A Father’s Perspective: Mat
In the first grade, my son Luke began complaining of vision issues, such as blurriness and double vision. To help correct this, we brought him to an optometrist who prescribed him glasses to help him see. However, over the next five to six years, Luke’s vision continued to decline, causing my wife and I to realize that something more serious must be going on with his eyes. What we didn’t realize was that our son was living with a progressive eye disease known as keratoconus.
A Frustrating Time
Despite receiving glasses at a young age, Luke’s vision impacted various aspects of his life, including school. Each year, seeing the board became more challenging, forcing him to squint and making it difficult to focus during class. When reading a book, Luke often found himself skipping lines. At the time, I felt frustrated for him. Many teachers and other people we knew suggested he had ADHD, but I never felt that was the case. Despite his vision issues when he started school, Luke always worked hard and was open to learning and trying new things. Unfortunately, when he faced adversity, his frustration would take over and stop him from accomplishing many things, such as reading, building legos, board games, or watching movies and TV.
As Luke got older and entered high school, his worsening vision and corresponding symptoms became more prominent. Something else that came as a surprise to us was that Luke began experiencing debilitating headaches. Although some of his teachers thought he was making them up to avoid work or taking tests, the headaches persisted at home, so we knew he was telling the truth. Whether he was watching movies, playing sports, working on car engines, or enjoying a hunting outing with me, Luke’s headaches or his inability to see would force him to take breaks and step away from the activity for a little while.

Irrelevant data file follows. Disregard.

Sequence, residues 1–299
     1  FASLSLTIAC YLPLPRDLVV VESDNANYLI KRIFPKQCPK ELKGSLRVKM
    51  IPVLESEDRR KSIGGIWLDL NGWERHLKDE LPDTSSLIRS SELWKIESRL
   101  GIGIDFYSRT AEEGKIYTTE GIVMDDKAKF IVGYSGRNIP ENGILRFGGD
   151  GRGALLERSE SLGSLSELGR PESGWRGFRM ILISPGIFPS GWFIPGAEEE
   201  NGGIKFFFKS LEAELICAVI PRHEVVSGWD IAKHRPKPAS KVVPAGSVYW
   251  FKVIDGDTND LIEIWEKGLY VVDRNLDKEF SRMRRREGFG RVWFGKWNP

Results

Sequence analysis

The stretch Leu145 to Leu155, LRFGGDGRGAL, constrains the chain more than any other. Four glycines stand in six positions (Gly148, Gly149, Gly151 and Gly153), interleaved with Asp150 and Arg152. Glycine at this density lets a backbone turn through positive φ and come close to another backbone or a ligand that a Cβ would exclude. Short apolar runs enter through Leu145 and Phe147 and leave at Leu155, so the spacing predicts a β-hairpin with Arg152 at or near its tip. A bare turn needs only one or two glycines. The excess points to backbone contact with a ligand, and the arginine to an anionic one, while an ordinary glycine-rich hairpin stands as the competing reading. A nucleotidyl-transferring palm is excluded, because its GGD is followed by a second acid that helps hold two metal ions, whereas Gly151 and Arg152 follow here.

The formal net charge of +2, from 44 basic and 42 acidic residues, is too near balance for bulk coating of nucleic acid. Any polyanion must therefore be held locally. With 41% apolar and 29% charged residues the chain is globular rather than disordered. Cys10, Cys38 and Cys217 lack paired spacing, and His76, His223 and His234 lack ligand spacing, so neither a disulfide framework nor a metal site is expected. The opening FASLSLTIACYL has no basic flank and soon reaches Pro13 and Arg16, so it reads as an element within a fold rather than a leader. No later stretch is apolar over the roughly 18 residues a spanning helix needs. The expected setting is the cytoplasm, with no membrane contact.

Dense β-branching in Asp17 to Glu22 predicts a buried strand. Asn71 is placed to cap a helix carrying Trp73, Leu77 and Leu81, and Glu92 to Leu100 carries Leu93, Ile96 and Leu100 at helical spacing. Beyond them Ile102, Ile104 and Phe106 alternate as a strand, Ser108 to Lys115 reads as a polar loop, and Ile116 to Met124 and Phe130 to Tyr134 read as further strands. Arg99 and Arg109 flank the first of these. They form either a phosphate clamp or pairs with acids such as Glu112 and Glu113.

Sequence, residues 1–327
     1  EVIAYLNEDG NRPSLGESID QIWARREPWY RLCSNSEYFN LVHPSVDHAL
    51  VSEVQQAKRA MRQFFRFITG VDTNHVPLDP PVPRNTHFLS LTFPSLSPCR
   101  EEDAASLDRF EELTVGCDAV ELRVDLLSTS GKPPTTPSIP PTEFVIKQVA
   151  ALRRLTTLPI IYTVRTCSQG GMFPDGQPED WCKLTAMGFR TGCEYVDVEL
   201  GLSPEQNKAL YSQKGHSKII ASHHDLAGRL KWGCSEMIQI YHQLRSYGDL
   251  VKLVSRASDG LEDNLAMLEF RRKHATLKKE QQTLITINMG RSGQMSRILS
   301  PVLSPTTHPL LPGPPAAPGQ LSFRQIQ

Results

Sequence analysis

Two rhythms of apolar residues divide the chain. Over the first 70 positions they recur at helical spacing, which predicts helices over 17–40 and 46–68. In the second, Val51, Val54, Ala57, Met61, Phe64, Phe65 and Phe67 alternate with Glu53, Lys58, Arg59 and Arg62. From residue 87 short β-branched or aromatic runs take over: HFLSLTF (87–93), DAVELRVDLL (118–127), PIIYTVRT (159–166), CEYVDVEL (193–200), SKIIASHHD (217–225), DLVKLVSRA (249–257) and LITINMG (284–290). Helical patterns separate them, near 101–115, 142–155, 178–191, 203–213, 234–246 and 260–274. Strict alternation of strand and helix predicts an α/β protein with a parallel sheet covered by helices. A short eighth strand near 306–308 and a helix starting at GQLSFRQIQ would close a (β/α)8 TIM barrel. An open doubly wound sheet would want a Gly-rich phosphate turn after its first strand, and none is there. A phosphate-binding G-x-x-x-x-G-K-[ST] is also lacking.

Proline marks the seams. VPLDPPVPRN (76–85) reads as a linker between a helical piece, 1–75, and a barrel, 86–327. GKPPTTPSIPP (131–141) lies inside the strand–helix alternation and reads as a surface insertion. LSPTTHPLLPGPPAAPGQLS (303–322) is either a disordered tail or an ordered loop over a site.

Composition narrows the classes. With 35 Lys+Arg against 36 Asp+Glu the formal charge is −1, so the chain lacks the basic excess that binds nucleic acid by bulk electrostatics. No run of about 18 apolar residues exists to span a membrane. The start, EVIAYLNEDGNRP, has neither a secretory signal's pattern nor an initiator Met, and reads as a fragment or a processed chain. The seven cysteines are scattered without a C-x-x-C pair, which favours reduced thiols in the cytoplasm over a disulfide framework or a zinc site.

Finally Finding Answers
Throughout his school years, we would visit different optometrists so Luke could take a routine vision exam. There, he would receive an updated contact lens prescription, which always seemed to become less effective about seven or eight months later. Despite this, Luke, his mom and I never suspected anything was seriously wrong. We assumed that each stronger prescription was just par for the course, especially since no doctor had told us otherwise.
In the summer of 2020, while visiting his grandparents for the Fourth of July, Luke’s grandmother noticed he was struggling to read a text message on his phone. Hearing her obvious concern, I realized we needed to get to the bottom of Luke’s vision issues. When we returned home, I reached out to Dr. Christine Curcione, an experienced local optometrist who Luke had recently begun seeing. After carefully examining Luke’s eyes, Dr. Curcione diagnosed him with keratoconus — a progressive eye disease in which the normally round cornea thins and begins to bulge into a cone-like shape, causing distorted vision. This long-awaited diagnosis provided the answer to his ongoing vision issues.
Although this was the first time I had heard of keratoconus, I was not surprised that there was a reason for Luke’s vision issues. I felt immense relief to finally receive an accurate diagnosis for my son.
To find a doctor near you to get screened for keratoconus, use our locator tool.